If you brush and comb it out at least once a week then you can keep it under control. There is an undercoat and it can build up if you do not comb the coat out regularly. If you take the dog for a forest walk you may find lots of leaves and twigs get attached to the coat so you just need to remove these after a walk.
Skye Terriers are an unclipped breed. Generally the coat is kept without clipping. Some people will trim the hair between the pads on the feet, some people might trim a bit around the eyes and other people might trim underneath and the inside of the legs and keep the top coat so it looks like a fully coated Skye Terrier but can reduce the time spent grooming. Some people feel that they want the whole coat trimmed off. Unless you plan to show the dog, which would require a full coat to be shown, it is down to personal choice and lifestyle how you maintain the coat.
Skye Terriers do enjoy getting out for a walk and will walk as far as you want to walk but will also be content with a walk around the park. Some have walked up Ben Nevis, needing a lift up over some rocks due to their short legs, others have done a sponsored walk the length of the Isle of Skye over 5 days. One has walked the West Highland Way (in a week) which is just over 95 miles long. They are sturdy dogs but as previously stated will be happy to walk with you along the canal or in a park.
Some Skye Terriers can be cautious of people they do not know but once they have got to know them will remember them for life. Skye puppies benefit from being exposed to lots of things while they are young. This stands them in good stead for their adult life. A puppy should be socialised well with people and other dogs. They learn from this experience and become more confident when coming across new things. Training classes are a great way to socialise a pup even if it is only for the first 6-12 months. People attending classes, and the trainers, will always be willing to speak to your puppy and meeting other dogs at training classes helps your pup to cope when meeting strange dogs on walks or in other situations.
The breed is a fairly health breed overall however there have been some incidences of liver problems in Skyes and also kidney problems. This is not common but as we are aware of these situations the breed clubs do health monitoring and reporting. This is a way to maintain the health of the breed and reduce the issues where possible for the future of the breed. It is recommended that any breeding dogs or bitches should have their kidneys scanned to rules out kidney dysplasia. If a dog shows signs then it would not be bred from. If dogs with any conditions are affected then they would not be bred from. Reputable breeders would look at the health of the dogs that they breed from and not be prepared to breed from any that are affected in any way. Skye Terriers remain a fairly healthy breed due to this. As puppies some Skye Terriers can develop “puppy limp”. This is usually a painless limp and usually they grow out of it by approx. 12 months of age. Due to how the joints develop it takes time for this to happen. It is recommended that exercise is limited to short walks while the puppy is young. Jumping off furniture, out of cars or down the stairs should be discouraged until the puppy is more mature. There can be other causes for any puppy to limp and if in doubt contact the breeder or speak to your Vet. Be aware that not all Vets are aware of the possibility of puppy limp in Skyes.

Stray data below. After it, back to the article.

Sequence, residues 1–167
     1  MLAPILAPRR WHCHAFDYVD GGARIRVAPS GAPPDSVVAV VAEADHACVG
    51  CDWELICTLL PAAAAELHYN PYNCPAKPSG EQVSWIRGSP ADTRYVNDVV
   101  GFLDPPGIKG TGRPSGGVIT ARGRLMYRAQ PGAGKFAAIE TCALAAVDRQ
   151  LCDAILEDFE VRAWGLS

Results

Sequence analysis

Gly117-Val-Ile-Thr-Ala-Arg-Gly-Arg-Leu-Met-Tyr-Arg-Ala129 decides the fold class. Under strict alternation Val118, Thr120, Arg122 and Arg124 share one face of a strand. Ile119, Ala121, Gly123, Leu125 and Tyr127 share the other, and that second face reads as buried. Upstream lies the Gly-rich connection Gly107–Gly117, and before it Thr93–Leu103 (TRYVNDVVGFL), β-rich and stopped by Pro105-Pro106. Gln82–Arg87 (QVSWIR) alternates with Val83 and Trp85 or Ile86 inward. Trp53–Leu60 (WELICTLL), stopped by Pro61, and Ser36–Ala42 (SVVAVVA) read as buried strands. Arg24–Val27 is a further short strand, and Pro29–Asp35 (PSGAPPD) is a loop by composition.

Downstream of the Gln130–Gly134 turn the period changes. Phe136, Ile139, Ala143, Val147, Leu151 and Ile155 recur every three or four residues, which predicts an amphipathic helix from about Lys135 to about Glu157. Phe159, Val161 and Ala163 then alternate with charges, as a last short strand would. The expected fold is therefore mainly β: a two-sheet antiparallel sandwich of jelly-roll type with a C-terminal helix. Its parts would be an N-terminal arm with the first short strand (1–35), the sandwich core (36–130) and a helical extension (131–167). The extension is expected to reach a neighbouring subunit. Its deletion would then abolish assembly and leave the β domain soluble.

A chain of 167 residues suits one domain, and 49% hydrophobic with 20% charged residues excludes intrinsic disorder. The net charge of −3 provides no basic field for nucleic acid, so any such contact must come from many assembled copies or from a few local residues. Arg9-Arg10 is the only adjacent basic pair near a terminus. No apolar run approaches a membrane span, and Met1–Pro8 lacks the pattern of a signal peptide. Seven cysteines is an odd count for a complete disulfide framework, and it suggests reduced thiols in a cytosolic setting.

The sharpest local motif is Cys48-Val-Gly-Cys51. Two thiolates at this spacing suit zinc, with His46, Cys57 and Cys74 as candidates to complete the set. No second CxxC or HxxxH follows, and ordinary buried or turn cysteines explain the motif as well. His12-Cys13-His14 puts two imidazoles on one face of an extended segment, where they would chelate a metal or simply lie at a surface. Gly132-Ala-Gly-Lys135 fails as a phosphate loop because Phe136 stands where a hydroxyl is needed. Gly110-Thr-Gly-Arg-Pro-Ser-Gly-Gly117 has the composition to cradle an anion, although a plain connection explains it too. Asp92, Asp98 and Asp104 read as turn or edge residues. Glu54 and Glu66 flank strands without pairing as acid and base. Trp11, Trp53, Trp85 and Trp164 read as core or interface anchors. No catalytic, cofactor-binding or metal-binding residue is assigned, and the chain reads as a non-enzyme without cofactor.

Generally Skyes do not suffer from back problems unlike some other breeds that have similarly long backs ie Dachshunds. The Skye Terrier is bred to be long and low with a level back. Those who show Skye Terriers, and also judge them in the show ring, watch out for “dippy backs” as this is something that brings a weakness to the back. Dogs without a level topline may be penalised in the show ring. Breeders will want to breed from good healthy dogs so breed puppies with this in mind. A long rib cage with a short loin gives strength to backs in this kind of breed. The health of the breed is important to reputable breeders and any incident of health such as back problems would encouraged to be reported to the health representatives for the breed. This helps to keep an eye on how the Skye Terriers health is being maintained.
Yes they can. When a Skye is moving or running the hair moves away from the face. Historically the hair on a Skye Terrier would have been a protection against any quarry it was after. If digging down a badger sett and a badger wanted to grab the dog then the hair might be the first thing that the Badger would get hold of and not the dog.
Skyes are big dogs on short legs. So many people say if it had “real legs” it would be a big dog! Bitches will be generally smaller than dogs and the weight will be 25-35 pounds in weight. The size of the Skye, over the years, has gotten bigger due to bigger dogs being bred from.
Terriers are fun and active and enjoy life and those who live with a terrier would not do without them however not everyone is suited to owning a terrier breed. If you have done your homework and found out about the breed that you are interested in, in this case Skye Terriers, then you are a good step along the way to having one. Breeders will ask relevant questions about you and why you have narrowed down your choice to a Skye. They will also give you lots of information that will answer any questions you might have or even not thought of. They can be stubborn, Skyes can also be wary of people they do not know. Once they have got to know someone they do not forget them. Socialising at a young age with people and dogs is a must to ensure you have done the best you can for your pup/dog. Some can be feisty with other dogs at times and this behaviour needs to be managed.